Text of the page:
• Mrs M had a good day on Saturday. Consistent sales – much more than me. It’s a good thing someone had a good day … and the sales kept going. I finally had a multiple board purchase in the final hour (of course) that made my numbers more respectable. We ended up with our best 1 day total at this event in 3 years of experience.
  • “Slightly above average.” Humans plan, God laughs.
  • Due to the odd curation of this event, my booth is right across the street – perhaps 25′ away – from another woodworker that does similar pieces in a different style. We each have unique products, but we have many similar ones. He sent people to me for larger Lazy Susans; I sent people to him for smaller coasters. I don’t think either of us contributed sales to the other, but we are very collegial and friendly. Good people, but it’s still odd to be neighbors. Both of our customers commented on that odd placement all weekend long.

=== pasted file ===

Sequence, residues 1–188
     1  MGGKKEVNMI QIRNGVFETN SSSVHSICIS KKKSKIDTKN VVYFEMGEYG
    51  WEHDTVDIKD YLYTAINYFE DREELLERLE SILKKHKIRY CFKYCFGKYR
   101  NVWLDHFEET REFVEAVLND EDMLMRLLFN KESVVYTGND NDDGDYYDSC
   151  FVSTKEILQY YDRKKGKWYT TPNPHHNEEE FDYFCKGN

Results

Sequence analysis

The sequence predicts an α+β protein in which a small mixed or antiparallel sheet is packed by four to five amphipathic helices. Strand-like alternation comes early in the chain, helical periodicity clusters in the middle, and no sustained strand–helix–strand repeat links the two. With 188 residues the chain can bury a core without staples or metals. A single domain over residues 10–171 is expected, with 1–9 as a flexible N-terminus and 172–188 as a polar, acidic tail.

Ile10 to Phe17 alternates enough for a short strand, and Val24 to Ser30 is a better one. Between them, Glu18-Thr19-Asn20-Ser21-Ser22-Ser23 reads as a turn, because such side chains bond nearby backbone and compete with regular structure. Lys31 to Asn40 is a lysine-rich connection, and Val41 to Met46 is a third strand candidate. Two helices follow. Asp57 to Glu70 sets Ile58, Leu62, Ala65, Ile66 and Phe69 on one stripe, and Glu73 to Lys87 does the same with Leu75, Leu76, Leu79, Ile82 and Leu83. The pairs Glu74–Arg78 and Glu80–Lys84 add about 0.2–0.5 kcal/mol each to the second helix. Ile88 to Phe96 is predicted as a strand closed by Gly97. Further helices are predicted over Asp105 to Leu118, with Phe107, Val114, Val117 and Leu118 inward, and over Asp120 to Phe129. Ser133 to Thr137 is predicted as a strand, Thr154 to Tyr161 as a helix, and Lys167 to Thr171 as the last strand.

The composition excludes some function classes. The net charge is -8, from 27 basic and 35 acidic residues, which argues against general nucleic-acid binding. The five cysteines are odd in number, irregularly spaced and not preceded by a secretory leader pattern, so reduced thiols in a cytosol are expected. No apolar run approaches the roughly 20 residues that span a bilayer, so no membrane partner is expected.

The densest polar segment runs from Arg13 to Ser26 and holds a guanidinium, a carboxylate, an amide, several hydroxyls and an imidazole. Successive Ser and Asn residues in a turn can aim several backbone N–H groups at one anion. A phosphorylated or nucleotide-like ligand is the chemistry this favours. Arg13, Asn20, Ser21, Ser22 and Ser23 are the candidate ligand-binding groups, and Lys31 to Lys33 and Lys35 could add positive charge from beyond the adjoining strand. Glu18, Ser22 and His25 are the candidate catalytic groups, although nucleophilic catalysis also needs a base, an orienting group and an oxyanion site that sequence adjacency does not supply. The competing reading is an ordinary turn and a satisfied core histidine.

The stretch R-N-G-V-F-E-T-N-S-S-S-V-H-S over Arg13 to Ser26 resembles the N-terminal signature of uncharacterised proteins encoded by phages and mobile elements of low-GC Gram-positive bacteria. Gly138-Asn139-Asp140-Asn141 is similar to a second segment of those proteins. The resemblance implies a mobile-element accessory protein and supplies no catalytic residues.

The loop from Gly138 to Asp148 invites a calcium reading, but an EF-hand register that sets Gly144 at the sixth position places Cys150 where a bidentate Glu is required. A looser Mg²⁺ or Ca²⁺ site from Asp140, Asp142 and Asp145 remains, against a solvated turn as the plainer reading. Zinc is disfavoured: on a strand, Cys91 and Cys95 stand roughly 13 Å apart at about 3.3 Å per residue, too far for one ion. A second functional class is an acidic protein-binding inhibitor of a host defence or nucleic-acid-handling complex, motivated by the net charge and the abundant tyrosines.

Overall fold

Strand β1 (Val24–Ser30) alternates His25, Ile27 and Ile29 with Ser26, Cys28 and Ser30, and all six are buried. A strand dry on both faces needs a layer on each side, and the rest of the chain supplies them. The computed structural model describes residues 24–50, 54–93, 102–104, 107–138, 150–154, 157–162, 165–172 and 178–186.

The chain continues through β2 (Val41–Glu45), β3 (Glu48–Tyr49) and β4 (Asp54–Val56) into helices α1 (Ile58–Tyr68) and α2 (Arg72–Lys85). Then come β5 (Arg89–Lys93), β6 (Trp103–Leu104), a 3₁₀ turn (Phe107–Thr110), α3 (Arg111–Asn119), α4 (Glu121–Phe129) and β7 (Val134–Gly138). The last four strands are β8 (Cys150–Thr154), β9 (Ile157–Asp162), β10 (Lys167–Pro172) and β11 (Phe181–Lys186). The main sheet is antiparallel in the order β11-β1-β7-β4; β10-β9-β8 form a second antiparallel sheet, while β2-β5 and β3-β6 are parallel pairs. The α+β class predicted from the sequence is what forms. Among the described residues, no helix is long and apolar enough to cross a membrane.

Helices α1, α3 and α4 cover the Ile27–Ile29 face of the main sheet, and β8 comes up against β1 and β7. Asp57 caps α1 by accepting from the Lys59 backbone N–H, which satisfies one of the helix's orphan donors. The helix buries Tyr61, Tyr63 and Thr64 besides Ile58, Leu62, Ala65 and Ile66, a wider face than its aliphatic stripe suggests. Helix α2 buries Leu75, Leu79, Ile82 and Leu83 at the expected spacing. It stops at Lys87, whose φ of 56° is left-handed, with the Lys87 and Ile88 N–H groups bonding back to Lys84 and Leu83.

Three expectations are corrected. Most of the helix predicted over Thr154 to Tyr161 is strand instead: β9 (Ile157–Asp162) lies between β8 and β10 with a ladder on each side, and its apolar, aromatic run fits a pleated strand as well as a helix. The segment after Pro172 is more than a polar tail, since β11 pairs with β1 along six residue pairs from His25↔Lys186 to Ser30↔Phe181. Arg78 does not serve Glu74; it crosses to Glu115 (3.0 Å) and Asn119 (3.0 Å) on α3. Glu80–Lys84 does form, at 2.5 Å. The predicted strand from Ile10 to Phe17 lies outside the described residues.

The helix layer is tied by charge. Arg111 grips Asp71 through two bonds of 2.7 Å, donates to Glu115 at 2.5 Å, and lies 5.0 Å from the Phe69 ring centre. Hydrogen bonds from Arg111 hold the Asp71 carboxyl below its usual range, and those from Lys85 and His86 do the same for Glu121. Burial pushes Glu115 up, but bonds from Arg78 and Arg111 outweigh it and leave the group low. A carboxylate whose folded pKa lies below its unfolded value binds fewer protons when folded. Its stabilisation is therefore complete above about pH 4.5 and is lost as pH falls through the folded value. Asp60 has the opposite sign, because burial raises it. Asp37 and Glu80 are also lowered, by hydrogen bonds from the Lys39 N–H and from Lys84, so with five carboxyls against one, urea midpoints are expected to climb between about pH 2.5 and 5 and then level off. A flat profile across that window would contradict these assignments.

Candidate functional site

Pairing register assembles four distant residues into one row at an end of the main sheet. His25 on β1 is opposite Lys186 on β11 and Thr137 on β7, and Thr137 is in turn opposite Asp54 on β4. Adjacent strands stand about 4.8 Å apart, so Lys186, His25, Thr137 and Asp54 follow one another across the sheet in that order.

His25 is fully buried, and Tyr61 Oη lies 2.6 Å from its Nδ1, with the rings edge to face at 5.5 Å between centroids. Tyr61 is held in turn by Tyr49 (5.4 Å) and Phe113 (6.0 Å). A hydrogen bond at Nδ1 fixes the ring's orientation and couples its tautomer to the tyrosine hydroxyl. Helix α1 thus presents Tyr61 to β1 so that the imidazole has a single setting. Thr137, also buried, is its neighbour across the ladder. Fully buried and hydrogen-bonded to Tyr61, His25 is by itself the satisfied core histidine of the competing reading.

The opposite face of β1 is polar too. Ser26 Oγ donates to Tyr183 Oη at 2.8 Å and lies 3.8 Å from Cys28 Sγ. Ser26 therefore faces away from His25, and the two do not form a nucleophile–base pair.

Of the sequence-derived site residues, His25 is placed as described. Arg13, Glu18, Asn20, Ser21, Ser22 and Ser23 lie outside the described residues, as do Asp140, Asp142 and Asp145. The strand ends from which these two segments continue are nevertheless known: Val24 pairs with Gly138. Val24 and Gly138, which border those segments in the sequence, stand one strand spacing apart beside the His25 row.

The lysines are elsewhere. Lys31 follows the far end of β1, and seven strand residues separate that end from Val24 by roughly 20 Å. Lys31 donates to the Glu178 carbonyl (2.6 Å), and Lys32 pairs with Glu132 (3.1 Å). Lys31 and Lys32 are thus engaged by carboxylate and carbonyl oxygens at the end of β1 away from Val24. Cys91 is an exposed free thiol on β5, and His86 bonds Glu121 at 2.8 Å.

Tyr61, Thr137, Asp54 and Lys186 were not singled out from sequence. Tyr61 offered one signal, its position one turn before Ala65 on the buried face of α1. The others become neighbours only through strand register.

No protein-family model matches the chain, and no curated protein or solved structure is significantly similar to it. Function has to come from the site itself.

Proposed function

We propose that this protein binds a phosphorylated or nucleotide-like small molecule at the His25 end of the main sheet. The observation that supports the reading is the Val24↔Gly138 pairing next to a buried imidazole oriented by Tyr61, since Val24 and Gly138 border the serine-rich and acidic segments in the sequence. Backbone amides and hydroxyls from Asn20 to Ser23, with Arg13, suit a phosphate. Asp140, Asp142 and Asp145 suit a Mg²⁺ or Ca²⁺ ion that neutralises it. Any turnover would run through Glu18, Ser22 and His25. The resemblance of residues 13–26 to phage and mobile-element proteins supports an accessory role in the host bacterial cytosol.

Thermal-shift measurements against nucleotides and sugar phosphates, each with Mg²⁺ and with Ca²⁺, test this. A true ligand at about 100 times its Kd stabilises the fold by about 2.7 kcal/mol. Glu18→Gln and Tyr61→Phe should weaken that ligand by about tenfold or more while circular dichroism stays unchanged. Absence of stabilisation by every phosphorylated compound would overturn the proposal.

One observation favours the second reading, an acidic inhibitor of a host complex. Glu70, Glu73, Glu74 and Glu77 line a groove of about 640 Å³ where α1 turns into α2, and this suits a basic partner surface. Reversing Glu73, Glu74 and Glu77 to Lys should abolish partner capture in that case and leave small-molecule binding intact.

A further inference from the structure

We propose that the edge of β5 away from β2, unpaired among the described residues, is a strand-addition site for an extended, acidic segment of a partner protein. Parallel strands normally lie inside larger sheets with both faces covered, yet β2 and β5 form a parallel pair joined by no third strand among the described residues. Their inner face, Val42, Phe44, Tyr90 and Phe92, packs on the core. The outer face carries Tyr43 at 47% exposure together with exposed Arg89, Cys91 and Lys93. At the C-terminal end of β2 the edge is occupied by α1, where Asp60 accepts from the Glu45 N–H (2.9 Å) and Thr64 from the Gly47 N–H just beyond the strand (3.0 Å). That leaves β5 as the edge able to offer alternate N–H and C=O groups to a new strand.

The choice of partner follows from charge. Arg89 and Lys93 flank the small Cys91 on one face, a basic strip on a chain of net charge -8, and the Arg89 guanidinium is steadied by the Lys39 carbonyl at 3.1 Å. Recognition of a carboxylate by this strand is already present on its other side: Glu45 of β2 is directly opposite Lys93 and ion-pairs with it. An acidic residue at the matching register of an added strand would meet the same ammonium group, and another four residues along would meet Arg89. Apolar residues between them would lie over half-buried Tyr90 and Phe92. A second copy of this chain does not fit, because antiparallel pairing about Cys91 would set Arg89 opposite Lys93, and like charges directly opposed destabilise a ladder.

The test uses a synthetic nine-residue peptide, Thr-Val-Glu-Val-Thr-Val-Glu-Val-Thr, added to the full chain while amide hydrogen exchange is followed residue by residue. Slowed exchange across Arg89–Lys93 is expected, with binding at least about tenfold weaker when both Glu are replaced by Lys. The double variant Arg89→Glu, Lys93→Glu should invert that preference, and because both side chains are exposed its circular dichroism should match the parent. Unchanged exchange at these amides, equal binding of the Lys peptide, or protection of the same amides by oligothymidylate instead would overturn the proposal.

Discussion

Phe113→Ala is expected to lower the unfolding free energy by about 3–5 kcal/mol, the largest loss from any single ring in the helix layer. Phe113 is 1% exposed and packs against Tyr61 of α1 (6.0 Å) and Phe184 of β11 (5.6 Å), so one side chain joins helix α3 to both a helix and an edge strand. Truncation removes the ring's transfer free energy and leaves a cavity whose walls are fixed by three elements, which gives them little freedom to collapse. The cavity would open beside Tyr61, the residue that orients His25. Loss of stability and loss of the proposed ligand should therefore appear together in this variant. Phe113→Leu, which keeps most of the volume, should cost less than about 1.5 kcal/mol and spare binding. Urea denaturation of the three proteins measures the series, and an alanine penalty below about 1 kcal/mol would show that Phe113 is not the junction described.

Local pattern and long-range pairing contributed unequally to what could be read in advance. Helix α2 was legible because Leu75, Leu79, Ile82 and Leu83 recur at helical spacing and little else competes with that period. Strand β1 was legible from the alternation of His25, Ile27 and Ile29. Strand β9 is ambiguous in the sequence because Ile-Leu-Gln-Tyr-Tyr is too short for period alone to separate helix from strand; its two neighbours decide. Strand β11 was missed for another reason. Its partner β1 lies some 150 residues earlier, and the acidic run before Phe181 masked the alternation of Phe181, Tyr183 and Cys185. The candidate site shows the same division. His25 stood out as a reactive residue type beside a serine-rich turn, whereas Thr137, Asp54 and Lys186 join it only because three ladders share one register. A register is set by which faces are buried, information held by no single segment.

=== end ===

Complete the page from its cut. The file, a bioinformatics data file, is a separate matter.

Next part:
• As they do each year.
  • We both like our locations, though – he’s at the end of a block in a highly visible “middle of the street” kind of location, and we’re under a giant tree that keeps our booth 10 degrees cooler than the surrounding booths. I’m also on a corner, next to a walkway that’s the best access to the neighborhood ice cream store. Win, win.
  • I am concerned about this event. It’s a nice community get together, but promotes itself as all handmade. There seems to be fewer handmade vendors each year. My neighbor sold clothing (the rack next to my booth had a sign: “Sale! Everything Under $10.”  There was also a dump bin selling flip flops. Handmade? Not so much.
  • A legacy customer from 2 years ago came by to pick up a board care kit. Back in the day, I made an end grain Bloodwood board they purchased, and they LOVE it. Those conversations are the best! Paradoxically, they only cut vegetables on their Bloodwood board, but they are adults. They get to choose.